Volunteers from Poole RNLI dealt with a variety of incidents during the airshow weekend ranging from head injuries, boat collisions, swamped vessels and those suffering engine failure.
With the weather warming up, lots of people took the opportunity to get out and about on the water and enjoy the air show, but this meant an increase in the volumes of vessels afloat, accidents and incidents are bound to happen, so the volunteers at Poole Lifeboat station launch on exercise and if needed can respond quicker, be more reactive and immediately on scene, this weekend was no exception, we were in demand.
Friday September 1st promised to be better weather wise for the air show, with flying commencing in the afternoon, the sunshine bursting through the clouds as the planes entertained the crowds ashore and afloat.
Poole’s D class was requested by the Coastguard to assist a vessel whose prop and become entangled with another boats anchor warp. The vessels had been waiting for ‘Sea Start’, the lifeboat crew checked the occupants were okay and assisted by cutting the anchor free, the lifeboat recovered the freed anchor and returned it to the casualty.
Shortly, after the Red Arrows had given a fantastic fly by, the D class was tasked to a 6 metre flat bottomed transatlantic rowing boat that had ran aground in Holes Bay, near to the end of Davis’s boat yard pontoons, the vessel with two people on board was stuck on the mud, but the occupants were happy to wait for the tide to come back and had provisions to sustain themselves for the duration, with the Coastguard monitoring at intervals. Sometime later it was decided that the D class should return to the stricken vessel as even though the tide had come back, the vessels rudder was still stuck fast, and light was fading. The lifeboat was soon on scene attached a tow line and coaxed the boat free. The lifeboat escorted the vessel back to Davis boat yard. Once back alongside the D Class headed back to station and was ready for service by 10pm.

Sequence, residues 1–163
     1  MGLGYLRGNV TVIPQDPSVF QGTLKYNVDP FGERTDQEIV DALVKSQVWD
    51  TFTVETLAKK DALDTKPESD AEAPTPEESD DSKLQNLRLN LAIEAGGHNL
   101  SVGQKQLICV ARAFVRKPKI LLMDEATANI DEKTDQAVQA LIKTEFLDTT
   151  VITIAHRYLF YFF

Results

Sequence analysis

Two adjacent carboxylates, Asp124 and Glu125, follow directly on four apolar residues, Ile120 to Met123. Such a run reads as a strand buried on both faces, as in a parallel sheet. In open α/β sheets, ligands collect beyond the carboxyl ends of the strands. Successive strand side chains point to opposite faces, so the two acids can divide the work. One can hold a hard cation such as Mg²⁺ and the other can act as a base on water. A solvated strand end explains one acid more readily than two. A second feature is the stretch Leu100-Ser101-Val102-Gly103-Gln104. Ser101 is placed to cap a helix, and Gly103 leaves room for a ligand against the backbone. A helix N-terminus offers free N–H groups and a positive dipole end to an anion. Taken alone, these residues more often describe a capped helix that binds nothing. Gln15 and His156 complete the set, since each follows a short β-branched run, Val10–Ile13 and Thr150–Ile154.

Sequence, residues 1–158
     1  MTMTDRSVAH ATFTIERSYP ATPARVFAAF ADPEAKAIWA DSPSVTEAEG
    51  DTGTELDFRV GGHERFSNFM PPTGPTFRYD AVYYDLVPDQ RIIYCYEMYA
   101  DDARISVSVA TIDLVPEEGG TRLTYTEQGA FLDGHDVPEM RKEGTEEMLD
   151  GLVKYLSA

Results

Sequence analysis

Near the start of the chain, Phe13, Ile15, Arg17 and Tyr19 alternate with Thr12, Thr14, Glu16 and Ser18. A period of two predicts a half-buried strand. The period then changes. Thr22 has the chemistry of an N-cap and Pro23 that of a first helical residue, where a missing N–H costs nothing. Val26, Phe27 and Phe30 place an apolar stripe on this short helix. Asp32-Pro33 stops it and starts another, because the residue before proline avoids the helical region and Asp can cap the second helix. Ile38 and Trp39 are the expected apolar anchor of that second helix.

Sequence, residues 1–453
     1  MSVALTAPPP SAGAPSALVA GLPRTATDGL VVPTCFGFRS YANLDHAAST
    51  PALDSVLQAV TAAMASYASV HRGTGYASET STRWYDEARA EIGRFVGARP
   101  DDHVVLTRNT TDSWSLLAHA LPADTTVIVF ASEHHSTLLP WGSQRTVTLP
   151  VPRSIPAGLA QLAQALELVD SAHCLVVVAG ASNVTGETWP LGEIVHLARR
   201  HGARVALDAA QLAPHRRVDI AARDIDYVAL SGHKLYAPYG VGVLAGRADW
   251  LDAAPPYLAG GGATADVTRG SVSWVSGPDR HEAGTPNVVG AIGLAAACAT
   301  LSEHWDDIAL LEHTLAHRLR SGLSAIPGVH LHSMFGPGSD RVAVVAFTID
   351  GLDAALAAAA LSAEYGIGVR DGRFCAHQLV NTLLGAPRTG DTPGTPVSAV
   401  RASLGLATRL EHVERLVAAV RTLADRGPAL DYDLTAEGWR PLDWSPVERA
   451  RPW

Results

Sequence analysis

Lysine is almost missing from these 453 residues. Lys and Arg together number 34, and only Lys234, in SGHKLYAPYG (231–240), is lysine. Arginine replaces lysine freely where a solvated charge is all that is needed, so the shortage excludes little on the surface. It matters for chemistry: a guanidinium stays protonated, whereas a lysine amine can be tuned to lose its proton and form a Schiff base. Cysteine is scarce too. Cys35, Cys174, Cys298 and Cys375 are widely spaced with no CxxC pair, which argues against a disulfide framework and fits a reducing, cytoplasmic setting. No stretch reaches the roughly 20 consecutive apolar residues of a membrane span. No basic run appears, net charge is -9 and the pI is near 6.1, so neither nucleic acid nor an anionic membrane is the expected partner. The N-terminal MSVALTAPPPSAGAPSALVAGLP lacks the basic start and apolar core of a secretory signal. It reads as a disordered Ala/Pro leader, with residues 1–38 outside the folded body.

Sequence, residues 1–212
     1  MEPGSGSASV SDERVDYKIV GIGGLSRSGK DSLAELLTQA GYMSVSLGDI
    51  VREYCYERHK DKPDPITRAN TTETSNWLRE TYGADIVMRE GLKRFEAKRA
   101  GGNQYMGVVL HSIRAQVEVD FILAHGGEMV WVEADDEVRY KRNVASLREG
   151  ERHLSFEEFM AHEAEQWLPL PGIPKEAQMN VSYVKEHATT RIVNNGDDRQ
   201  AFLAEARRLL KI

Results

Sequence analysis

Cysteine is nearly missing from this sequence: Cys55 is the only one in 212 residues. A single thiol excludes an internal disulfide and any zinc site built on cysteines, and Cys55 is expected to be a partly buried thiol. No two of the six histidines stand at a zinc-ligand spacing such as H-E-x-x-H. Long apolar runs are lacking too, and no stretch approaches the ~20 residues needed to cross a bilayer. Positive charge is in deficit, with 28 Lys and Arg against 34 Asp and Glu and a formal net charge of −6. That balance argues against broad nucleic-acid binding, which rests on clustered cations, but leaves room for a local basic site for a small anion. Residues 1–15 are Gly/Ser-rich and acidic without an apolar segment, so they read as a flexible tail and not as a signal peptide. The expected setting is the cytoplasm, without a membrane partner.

Meanwhile whilst the Atlantic was out on exercise at the Air show, they were tasked alongside Mudeford lifeboat to search for a missing six-year-old on Bournemouth beach. Poole lifeboat was tasked to search from west of Bournemouth Pier and Mudeford to the east. After a short search good news came through that the child had been located ashore safe and well.
Later, as hundreds of boats headed back home, entering the harbour, Poole Lifeboat was standing by. With the strong outgoing tide added to the huge amount of traffic inbound, with excess wake in the ‘Air Show flotilla’ rush air the water was choppy and confused. A 14ft vessel with two people on-board lost power shortly after passing the Chain Ferry. Poole Lifeboat was quickly on scene, to avert further misfortune and towed the vessel through the choppy swells to a safe mooring off Brownsea Castle.
Sunday(Sept 3) day 4 of the Air Show was simply stunning and the never-ending morning bridge lift saw umpteen boats heading off to capture the Vitamin D Dose of sunshine and the promised ariel display action in the skies above.
Both Lifeboats headed out on exercise.